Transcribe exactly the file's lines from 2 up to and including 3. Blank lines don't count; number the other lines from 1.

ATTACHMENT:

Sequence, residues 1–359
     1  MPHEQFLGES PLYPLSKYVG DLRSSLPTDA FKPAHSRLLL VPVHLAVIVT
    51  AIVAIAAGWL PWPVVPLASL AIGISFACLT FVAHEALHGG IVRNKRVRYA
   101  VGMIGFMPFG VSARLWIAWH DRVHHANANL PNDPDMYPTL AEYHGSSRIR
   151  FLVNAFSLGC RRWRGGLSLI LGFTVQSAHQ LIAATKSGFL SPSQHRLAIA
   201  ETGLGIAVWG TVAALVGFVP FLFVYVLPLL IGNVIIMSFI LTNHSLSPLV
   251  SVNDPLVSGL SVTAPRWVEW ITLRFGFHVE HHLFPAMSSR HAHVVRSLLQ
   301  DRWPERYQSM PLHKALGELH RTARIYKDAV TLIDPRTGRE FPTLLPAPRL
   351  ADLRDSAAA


     1  MPHEQFLGES PLYPLSKYVG DLRSSLPTDA FKPAHSRLLL VPVHLAVIVT
    51  AIVAIAAGWL PWPVVPLASL AIGISFACLT FVAHEALHGG IVRNKRVRYA